Asked what might constitute success for this weekend's meeting, Nuland demurred. "We want to see as much unity as possible among those members of the opposition," she said, adding that conversations also would focus on humanitarian aid and further isolating Assad's government - the same agenda as February's gathering in Tunisia.

But equally pressing questions may be surfacing. Despite U.S. and Arab assertions about the inevitability of the Assad regime's fall, it is prevailing militarily and maintaining some support among Syrian minorities and even the Sunni business community. Defections have proved fewer than anticipated, and there's little evidence to back Clinton's prediction a month ago about a possible military coup.

That leaves those doing the actual fighting in Syria at the forefront of the anti-Assad resistance, without a clear mandate of support from abroad. American officials say they sympathize with the plight of Syrians who've been forced to take up arms to defend themselves, but they are directing their efforts through a Syrian opposition leadership of lawyers, academics and emigres. And that policy is expected to continue.

Speaking Tuesday, Clinton cautiously welcomed the Syrian government's endorsement of Annan's plan, which calls for an immediate cease-fire with rebels and an eventual democratic transition. But Assad now has to make good on the deal, she said, citing the Syrian leader's "history of overpromising and under-delivering" when it comes to pledges of peace and reform.

The early signs were inauspicious. Government forces on Wednesday captured the rebels' northern stronghold of Saraqeb, a town on the main highway from Aleppo, after four days of fighting. More than 40 people were killed and homes were burned down, activists said, describing the latest setback against better-equipped Syrian military units.

In Congress, a growing number of lawmakers is demanding greater U.S. action.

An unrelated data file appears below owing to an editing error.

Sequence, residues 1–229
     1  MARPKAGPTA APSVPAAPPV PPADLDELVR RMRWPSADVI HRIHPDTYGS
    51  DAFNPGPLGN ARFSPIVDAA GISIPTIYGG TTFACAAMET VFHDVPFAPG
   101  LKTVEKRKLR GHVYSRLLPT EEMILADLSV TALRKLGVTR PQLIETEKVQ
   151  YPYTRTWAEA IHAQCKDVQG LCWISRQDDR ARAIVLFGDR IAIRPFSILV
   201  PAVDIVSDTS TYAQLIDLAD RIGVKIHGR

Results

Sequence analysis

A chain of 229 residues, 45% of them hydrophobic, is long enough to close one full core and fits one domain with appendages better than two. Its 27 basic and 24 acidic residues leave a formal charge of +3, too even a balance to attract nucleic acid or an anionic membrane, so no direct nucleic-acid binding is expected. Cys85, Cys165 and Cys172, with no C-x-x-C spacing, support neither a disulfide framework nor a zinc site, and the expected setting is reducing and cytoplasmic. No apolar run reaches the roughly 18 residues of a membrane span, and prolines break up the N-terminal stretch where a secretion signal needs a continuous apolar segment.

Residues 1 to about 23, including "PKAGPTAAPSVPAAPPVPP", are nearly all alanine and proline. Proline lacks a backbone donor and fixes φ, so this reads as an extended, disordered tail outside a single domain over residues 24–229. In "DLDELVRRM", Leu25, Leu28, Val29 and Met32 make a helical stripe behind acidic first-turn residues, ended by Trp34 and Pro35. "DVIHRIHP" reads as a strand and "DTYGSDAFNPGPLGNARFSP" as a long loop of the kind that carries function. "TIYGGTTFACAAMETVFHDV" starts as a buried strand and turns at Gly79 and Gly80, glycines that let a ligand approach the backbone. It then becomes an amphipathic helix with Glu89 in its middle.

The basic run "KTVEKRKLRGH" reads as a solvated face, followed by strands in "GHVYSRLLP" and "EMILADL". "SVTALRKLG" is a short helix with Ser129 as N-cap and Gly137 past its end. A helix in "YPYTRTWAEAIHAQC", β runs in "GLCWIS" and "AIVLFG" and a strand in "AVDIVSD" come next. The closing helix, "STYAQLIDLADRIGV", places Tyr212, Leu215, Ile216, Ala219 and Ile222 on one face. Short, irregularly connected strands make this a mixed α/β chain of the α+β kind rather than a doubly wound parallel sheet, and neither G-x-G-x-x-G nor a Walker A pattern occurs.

A group of Republican senators and Independent Sen. Joe Lieberman of Connecticut on Wednesday introduced a nonbinding resolution that condemns the Assad regime's alleged atrocities. Several senators also criticized Obama's response thus far.

"How many have to die before the United States will take a leadership role to end the mass slaughter?" asked Sen. John McCain, R-Ariz., Obama's 2008 presidential rival.

"How can you sit on the sidelines when it comes to Syria?" echoed Sen. Lindsey Graham, R-S.C. "The United Nations is fiddling while Syria is burning."

The resolution urges the president to partner with Arab countries in providing Syrian rebels with the means to defend themselves, including weapons. It stops short of calling for American airstrikes in Syria, which McCain previously has proposed.

But the administration says it won't get involved in what is essentially a civil war.

Clinton said the U.S. and its allies would spend the next few days helping Syria's primarily Sunni opposition refine its vision of an inclusive democracy, to assure minorities still supportive of the government that they'd have a place in a post-Assad future. She said Washington hoped for progress on that front this weekend.

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Associated Press writer Donna Cassata contributed to this report.